Even as a massive conglomerate, Google manages to innovate with the kind of dexterity and creativity that most young startups would love to have. From driverless cars and solar-powered contact lenses to pills that search your body for disease, the company has taken on projects that are both ambitious and game-changing--and that, if successful, could impact humanity for the better.
So how does Google manage this? Harvard Business Review took a dive into the principles the company uses as its backbone. And while the way Google executes them might not be possible for every company, the ideas behind them certainly are.
1. Invest in research
Google spends billions of dollars each year on research and development, funding more than 250 research projects annually. The company invites scholars to spend sabbaticals at its headquarters, luring them with the opportunity to delve into its huge swaths of data. Google also invests in young companies with its GV (formerly Google Ventures) arm--as it did with companies like Nest, Slack, Walker and Company, and 23andMe--and uses a methodical five-day Design Sprint process to help those companies develop or refine products. And its 30 Weeks program helps new designers develop their product ideas and bring them to fruition. Noticing a trend here? Google puts a huge emphasis on learning from outsiders.
2. Push everyone to innovate, from top to bottom
Google's famous "20 percent rule" encourages employees to dedicate 20 percent of their time to projects that interest them. Though it's been debated recently whether it's still in practice--Yahoo CEO and former Google VP Marissa Mayer has said it's more like a "120 percent rule"--the policy did directly lead to the creation of Google News, Gmail, and AdSense. And it's indicative of the overarching, innovation-friendly philosophy at Google: As long as something has a chance to eventually benefit the company, go ahead and give it a shot.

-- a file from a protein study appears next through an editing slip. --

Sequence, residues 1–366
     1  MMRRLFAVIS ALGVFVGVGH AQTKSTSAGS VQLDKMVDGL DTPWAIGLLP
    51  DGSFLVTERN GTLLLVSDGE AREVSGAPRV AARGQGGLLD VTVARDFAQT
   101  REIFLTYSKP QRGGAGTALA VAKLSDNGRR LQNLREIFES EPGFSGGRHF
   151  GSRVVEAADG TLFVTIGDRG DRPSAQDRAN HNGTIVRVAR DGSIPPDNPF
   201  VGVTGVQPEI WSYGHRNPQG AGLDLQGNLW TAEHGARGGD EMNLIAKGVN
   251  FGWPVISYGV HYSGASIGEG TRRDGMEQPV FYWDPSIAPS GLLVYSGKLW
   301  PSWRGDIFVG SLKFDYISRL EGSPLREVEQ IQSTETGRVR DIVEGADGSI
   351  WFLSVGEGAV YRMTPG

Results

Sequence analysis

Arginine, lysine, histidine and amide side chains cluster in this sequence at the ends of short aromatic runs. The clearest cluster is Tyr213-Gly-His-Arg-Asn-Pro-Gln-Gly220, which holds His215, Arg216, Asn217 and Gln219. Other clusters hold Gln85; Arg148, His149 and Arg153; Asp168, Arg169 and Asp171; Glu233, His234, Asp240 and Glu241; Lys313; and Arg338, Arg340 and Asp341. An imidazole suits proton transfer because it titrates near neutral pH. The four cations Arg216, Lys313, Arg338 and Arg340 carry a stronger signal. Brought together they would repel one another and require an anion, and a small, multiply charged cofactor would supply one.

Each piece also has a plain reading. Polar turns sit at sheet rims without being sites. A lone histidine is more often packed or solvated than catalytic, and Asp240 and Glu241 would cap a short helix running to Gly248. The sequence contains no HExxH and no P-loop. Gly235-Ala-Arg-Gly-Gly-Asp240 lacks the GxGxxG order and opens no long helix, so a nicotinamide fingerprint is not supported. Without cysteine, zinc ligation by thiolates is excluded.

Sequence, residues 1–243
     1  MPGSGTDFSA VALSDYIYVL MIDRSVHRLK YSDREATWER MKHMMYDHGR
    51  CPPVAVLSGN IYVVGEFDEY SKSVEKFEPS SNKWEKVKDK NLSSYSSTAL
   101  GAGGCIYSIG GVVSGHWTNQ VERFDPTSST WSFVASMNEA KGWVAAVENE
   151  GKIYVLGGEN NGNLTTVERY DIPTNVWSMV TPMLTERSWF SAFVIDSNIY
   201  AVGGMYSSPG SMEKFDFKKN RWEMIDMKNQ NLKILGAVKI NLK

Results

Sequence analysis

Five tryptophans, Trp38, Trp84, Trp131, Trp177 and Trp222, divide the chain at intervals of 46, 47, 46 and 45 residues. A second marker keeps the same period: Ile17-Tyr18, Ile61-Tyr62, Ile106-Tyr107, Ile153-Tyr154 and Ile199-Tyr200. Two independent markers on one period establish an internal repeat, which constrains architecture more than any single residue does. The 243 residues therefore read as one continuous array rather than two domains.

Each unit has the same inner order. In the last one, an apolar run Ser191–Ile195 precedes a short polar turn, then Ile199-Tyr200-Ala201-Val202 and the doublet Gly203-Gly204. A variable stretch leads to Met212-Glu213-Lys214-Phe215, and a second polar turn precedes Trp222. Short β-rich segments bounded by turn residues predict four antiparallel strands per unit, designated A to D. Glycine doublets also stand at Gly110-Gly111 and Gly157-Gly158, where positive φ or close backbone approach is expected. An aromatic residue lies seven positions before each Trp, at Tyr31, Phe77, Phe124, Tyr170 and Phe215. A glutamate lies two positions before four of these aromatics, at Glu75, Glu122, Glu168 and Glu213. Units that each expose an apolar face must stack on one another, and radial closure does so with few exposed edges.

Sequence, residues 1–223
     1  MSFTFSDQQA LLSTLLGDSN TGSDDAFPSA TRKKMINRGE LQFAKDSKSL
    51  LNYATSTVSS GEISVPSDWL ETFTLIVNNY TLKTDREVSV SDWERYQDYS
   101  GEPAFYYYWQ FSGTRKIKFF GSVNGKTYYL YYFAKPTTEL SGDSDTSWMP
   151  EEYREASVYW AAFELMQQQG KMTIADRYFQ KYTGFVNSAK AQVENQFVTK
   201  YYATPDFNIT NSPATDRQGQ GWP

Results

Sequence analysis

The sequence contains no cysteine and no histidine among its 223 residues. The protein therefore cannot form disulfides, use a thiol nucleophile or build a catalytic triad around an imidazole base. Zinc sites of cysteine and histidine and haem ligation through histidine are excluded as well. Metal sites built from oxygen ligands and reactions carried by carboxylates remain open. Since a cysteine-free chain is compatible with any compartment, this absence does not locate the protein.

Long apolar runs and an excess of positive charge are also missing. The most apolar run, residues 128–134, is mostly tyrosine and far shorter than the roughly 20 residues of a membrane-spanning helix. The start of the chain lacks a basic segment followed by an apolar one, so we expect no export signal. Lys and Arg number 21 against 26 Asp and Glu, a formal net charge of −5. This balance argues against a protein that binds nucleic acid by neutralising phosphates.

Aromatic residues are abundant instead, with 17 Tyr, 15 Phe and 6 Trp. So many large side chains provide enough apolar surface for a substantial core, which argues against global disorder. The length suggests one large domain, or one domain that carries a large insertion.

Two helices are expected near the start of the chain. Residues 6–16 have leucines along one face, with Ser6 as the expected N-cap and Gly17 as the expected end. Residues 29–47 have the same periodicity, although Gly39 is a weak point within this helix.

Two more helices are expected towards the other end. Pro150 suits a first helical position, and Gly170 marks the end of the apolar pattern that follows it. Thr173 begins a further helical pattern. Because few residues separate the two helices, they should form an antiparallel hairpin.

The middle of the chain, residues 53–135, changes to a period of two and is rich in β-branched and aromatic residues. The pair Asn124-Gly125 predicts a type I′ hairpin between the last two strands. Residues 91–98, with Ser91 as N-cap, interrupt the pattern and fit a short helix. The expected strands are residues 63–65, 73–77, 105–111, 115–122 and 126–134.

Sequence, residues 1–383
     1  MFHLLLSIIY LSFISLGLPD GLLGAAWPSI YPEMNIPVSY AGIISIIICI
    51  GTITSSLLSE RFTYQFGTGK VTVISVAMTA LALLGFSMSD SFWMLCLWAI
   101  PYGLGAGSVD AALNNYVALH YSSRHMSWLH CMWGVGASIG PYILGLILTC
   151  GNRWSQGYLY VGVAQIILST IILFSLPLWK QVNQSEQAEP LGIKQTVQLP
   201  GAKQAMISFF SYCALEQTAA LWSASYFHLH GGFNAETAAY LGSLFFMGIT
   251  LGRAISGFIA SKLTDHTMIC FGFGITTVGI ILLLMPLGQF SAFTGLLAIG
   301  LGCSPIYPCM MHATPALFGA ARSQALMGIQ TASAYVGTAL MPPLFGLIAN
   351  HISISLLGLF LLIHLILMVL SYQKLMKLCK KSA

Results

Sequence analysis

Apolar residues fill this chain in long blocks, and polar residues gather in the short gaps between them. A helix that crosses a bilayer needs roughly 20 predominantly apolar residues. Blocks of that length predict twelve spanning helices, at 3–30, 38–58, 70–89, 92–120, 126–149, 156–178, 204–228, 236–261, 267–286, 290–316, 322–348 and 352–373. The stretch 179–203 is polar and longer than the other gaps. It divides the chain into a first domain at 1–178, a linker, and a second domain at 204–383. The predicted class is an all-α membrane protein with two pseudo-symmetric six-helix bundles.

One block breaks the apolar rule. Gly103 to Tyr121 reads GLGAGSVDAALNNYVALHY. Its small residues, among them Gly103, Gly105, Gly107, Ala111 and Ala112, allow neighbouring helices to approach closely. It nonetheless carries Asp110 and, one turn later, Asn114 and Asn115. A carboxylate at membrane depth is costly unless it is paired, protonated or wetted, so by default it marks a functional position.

3. Break your team into self-sufficient "startups"
Small teams can work on moonshot projects at Google X, the secretive R&D facility down the road from the company's main campus. The incubator was founded in 2010 with a self-driving car project; since then, projects have included Wing--a drone delivery service similar to the one planned by Amazon--and the ambitious Loon project to beam the Internet to the entire world via router-equipped hot air balloons. Having a lean team that operates away from the day-to-day bustle of the main offices helps keep operations smooth and efficient. Out of sight doesn't mean out of mind, though: Those working at Google X report to Google co-founder Sergey Brin.
4. Encourage collaboration
Wherever Google's projects take place, the company aims to maintain a tight feedback loop that promotes quick decision-making. Instead of using an assembly line approach, Google has its researchers, engineers, and product managers work together throughout projects--and decide what might be worth looking into further for future ones. Feedback and new ideas are meant to flow freely between teams, so scientists talk directly to those who gather customer input and vice versa. All this helps create a culture where innovation flourishes because it's baked into day-to-day processes.